Results of the National Book Critics Circle Award in the year 2010.
How to get along with people, how to deal with violence, how to adjust to losing someone you love—such questions arise in most people’s lives. They are all versions of a bigger question: how do you live? How do you do the good or honorable thing, while flourishing and feeling happy?
This question obsessed Renaissance writers, none more than Michel Eyquem de Monatigne, perhaps the first truly modern individual. A nobleman, public official and wine-grower, he wrote free-roaming explorations of his thought and experience, unlike anything written before. He called them “essays,” meaning “attempts” or “tries.” Into them, he put whatever was in his head: his tastes in wine and food, his childhood memories, the way his dog’s ears twitched when it was dreaming, as well as the appalling events of the religious civil wars raging around him. The Essays was an instant bestseller and, over four hundred years…[more]
This is the first biography of the cinematic hero Charlie Chan, whose character was inspired by the real-life story of Chang Apana, a bullwhip-wielding, five-foot-tall Chinese immigrant detective whose raids on opium dens and gambling parlors made him into a legend. Emerging against the backdrop of racially riven early-twentieth-century Hawaii, Apana’s bravado inspired mystery writer Earl Derr Biggers, a Harvard graduate, to write six best-selling Charlie Chan novels. The resulting Hollywood character was not a stereotypical “Chinaman” but a wisecracking sleuth with a knack for turning Oriental wisdom into soup-alley Chinatown blues.
Yunte Huang’s exploration of this remarkable story asks whether Chan is a “Yellow Uncle Tom” or a “swell dish of chop suey mystery.” Examining Charlie Chan in fact and fiction, Huang follows this untold story from the glittering beaches of Waikiki to the movie studios of Hollywood.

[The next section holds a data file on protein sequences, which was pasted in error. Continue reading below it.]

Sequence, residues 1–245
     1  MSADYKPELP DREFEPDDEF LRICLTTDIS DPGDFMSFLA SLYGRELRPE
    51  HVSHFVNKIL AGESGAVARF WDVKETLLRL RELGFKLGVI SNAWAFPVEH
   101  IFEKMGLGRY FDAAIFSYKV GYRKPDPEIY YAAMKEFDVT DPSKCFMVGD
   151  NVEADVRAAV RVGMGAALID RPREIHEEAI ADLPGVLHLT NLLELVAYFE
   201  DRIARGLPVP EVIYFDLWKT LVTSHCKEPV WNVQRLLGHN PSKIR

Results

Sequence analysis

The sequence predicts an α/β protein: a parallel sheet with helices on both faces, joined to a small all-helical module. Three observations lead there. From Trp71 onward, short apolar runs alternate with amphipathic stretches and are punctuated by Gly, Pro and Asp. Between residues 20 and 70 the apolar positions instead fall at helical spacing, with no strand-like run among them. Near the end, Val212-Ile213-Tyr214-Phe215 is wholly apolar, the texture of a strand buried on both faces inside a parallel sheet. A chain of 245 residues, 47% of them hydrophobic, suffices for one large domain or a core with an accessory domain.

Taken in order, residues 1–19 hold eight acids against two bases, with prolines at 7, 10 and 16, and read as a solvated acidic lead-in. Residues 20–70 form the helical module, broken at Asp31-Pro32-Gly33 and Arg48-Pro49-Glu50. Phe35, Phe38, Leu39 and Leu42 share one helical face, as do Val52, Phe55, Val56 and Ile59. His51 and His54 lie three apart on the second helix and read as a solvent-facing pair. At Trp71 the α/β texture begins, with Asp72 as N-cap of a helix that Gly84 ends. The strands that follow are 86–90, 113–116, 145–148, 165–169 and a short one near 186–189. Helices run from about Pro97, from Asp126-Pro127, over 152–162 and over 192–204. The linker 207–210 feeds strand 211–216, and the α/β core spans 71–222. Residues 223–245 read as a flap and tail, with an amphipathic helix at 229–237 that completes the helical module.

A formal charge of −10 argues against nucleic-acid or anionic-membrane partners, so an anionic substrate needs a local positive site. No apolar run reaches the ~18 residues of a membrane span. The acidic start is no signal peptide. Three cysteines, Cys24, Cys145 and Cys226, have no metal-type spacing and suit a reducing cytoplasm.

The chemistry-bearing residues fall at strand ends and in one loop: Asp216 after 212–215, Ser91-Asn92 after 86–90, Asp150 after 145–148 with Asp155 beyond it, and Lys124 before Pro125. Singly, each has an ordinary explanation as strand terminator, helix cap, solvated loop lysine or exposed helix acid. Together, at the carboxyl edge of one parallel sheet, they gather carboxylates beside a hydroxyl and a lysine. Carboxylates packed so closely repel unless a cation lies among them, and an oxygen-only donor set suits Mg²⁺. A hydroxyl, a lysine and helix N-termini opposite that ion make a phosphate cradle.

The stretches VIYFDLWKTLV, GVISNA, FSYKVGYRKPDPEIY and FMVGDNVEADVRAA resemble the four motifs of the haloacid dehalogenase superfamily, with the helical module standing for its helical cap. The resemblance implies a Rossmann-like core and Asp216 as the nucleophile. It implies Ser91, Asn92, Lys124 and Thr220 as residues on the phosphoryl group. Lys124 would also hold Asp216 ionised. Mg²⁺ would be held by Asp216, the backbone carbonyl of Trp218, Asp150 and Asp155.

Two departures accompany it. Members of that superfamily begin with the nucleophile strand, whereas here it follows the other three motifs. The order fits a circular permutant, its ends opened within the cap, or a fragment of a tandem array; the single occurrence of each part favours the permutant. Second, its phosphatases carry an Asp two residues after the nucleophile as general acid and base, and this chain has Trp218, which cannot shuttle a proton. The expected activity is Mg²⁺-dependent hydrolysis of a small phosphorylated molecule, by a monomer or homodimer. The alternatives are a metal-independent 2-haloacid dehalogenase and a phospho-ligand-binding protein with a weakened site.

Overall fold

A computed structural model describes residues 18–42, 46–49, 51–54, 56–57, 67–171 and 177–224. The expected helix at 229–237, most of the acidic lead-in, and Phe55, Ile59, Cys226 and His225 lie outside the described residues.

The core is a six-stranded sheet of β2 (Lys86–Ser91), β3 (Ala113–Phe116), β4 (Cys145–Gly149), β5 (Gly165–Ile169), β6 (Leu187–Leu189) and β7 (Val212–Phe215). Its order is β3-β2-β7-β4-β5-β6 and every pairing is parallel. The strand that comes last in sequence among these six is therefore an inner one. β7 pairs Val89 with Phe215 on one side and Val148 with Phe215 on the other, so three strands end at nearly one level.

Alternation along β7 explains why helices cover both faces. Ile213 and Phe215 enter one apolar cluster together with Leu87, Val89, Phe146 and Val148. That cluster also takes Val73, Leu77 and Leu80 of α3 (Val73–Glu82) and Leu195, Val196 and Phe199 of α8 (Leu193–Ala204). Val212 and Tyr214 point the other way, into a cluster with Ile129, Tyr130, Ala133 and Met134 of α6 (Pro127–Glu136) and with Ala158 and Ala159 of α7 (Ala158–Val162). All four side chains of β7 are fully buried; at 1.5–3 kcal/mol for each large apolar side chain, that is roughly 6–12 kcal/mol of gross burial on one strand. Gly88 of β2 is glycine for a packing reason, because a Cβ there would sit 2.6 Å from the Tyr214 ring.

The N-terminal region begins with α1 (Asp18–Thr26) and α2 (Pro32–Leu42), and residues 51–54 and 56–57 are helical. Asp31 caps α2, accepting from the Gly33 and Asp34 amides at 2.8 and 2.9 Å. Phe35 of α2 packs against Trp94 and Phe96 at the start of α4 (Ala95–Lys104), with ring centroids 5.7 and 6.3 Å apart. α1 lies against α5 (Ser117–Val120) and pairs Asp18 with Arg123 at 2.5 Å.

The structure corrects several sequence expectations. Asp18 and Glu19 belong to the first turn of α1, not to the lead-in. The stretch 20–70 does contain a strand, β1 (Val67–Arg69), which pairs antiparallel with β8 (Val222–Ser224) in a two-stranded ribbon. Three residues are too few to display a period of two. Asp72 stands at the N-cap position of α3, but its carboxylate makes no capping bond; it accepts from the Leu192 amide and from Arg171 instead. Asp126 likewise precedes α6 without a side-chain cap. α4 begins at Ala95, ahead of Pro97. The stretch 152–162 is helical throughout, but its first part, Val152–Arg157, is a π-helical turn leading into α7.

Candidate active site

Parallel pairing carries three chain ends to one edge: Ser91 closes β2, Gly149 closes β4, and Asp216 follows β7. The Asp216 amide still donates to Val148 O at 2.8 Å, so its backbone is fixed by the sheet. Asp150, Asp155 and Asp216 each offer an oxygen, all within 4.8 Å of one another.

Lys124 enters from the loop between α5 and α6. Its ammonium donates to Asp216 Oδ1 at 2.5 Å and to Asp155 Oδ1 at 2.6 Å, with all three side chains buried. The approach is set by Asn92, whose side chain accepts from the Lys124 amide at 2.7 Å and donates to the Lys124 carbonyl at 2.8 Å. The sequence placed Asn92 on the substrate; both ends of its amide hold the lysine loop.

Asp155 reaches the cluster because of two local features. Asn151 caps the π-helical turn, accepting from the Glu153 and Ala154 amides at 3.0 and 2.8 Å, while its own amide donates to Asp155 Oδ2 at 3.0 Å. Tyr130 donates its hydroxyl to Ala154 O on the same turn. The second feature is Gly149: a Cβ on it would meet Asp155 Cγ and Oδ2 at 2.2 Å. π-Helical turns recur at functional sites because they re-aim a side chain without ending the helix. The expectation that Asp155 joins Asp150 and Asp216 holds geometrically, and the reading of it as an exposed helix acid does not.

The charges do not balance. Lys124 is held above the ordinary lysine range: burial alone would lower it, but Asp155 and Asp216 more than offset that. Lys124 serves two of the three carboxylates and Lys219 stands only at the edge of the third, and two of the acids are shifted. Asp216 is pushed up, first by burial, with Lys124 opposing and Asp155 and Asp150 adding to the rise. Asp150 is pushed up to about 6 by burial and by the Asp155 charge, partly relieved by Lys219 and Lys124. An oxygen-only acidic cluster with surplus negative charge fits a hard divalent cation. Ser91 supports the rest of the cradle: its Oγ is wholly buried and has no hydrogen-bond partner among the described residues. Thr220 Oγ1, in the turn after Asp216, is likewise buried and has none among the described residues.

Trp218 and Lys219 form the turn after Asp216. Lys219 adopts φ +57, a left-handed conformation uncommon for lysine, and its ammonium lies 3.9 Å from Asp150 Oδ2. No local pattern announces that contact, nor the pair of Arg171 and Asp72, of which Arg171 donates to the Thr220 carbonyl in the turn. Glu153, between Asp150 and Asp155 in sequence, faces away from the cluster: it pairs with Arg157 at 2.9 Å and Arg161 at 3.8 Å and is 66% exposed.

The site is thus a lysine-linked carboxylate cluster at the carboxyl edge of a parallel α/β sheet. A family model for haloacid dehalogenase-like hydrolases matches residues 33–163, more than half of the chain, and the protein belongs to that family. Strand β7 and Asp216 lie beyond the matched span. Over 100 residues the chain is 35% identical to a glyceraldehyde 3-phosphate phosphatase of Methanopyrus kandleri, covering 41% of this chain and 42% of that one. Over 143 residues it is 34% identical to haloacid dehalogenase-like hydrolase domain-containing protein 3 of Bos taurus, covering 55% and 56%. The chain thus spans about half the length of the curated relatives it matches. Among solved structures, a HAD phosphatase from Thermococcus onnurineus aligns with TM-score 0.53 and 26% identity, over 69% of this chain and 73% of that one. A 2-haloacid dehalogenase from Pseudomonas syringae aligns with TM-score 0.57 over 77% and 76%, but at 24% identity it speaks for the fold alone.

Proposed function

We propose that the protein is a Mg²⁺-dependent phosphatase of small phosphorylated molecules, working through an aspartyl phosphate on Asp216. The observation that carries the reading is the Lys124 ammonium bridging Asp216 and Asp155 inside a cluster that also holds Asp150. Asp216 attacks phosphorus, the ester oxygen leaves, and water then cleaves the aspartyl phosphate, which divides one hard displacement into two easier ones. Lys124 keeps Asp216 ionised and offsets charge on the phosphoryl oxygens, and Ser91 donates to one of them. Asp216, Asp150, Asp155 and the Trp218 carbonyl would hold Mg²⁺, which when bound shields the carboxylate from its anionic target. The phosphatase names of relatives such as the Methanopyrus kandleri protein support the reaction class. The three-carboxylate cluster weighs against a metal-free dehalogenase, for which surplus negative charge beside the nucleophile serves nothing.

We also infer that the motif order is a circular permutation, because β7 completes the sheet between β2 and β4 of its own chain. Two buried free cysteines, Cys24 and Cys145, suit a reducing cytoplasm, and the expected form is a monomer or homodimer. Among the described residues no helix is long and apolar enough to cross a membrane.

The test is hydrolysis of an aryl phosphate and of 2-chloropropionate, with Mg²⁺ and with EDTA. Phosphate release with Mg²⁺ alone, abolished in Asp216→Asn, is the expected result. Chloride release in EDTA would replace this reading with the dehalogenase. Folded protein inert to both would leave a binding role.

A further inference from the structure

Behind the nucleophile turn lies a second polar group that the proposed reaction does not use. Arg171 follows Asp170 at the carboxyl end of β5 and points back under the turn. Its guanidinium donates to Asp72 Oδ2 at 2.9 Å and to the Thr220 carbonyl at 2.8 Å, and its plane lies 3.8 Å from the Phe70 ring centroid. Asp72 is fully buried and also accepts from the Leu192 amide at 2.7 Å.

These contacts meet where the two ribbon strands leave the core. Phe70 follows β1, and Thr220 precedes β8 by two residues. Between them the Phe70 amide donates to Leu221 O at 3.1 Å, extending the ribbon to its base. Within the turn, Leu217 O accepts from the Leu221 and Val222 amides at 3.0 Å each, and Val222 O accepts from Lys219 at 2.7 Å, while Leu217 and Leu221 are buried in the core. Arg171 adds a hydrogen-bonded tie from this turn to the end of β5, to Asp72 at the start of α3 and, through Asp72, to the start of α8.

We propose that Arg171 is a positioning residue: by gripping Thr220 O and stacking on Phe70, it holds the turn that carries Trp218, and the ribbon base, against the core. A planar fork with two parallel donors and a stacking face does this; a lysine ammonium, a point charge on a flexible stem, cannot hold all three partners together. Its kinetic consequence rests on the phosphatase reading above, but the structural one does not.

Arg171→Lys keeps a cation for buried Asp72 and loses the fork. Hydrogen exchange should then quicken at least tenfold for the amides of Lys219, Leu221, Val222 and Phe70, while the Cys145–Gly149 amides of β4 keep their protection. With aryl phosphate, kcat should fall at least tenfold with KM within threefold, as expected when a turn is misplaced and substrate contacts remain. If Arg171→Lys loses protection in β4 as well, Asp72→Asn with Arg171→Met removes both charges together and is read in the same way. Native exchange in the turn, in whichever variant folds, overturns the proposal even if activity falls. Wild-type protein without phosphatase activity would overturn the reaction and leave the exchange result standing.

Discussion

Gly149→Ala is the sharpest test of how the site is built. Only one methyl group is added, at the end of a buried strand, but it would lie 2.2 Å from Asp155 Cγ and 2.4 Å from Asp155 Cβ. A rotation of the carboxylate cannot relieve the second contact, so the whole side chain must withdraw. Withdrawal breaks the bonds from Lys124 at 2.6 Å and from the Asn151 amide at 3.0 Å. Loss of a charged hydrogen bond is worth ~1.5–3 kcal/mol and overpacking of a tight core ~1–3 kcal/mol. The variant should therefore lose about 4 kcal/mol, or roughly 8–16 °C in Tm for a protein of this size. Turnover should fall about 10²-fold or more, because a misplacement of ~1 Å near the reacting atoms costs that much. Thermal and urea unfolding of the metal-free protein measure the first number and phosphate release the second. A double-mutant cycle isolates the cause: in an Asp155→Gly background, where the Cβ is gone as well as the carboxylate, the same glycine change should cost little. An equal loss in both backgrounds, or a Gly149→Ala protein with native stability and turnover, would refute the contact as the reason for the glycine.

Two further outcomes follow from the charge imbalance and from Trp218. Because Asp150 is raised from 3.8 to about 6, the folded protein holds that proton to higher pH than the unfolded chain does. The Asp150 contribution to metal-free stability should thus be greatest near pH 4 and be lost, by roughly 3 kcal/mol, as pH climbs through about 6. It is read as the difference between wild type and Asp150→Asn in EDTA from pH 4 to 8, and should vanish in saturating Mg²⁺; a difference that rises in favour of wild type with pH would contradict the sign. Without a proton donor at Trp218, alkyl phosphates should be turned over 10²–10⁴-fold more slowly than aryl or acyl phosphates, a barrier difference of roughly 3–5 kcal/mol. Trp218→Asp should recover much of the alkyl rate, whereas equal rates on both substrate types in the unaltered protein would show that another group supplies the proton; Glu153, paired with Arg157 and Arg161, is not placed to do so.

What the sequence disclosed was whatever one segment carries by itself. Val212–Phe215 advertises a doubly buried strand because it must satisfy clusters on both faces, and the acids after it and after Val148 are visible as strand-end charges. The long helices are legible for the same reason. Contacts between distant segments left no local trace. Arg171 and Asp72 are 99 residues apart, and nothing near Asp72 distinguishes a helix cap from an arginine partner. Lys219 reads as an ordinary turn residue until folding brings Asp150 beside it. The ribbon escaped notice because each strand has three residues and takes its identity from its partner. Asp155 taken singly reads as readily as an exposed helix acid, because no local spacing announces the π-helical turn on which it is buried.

He was the greatest Indian warrior of the nineteenth century. His victory over General Custer at the battle of Little Bighorn in 1876 was the worst defeat inflicted on the frontier Army. And the death of Crazy Horse in federal custody has remained a controversy for more than a century.
The Killing of Crazy Horse pieces together the many sources of fear and misunderstanding that resulted in an official killing hard to distinguish from a crime. A rich cast of characters, whites and Indians alike, passes through this story, including Red Cloud, the chief who dominated Oglala history for fifty years but saw in Crazy Horse a dangerous rival; No Water and Woman Dress, both of whom hated Crazy Horse and schemed against him; the young interpreter Billy Garnett, son of a fifteen-year-old Oglala woman and a Confederate general killed at Gettysburg; General George Crook, who bitterly resented newspaper reports that…[more]
He was a brilliant teller of tales, one of the most widely read authors of the twentieth century, and at one time the most famous writer in the world, yet W. Somerset Maugham’s own true story has never been fully told. At last, the fascinating truth is revealed in a landmark biography by the award-winning writer Selina Hastings. Granted unprecedented access to Maugham’s personal correspondence and to newly uncovered interviews with his only child, Hastings portrays the secret loves, betrayals, integrity, and passion that inspired Maugham to create such classics as The Razor’s Edge and Of Human Bondage.
Hastings vividly presents Maugham’s lonely childhood spent with unloving relatives after the death of his parents, a trauma that resulted in shyness, a stammer, and for the rest of his life an urgent need for physical tenderness. Here, too, are his adult triumphs on the stage and page, works that allowed him a glittering social life in which he befriended and sometimes fell…[more]
This first fully documented biography of Simon Wiesenthal, the legendary Nazi hunter, is also a brilliant character study of a man whose life was part invention but wholly dedicated to ensuring both that the Nazis be held responsible for their crimes and that the destruction of European Jewry never be forgotten.
Like most Jews in Eastern Europe on the eve of Hitler’s invasion of Poland, twenty-four-year-old Simon Wiesenthal did not grasp the nature of the Nazi threat. But six years later, when a skeletal Wiesenthal was liberated from the concentration camp at Mauthausen, he fully fathomed the crimes of the Nazis. Within days he had assembled a list of nearly 150 Nazi war criminals, the first of dozens of such lists he would make over a lifetime as a Nazi hunter. A hero in the eyes of many, Wiesenthal was also attacked for his unrelenting pursuit of the past, when others preferred to forget. …[more]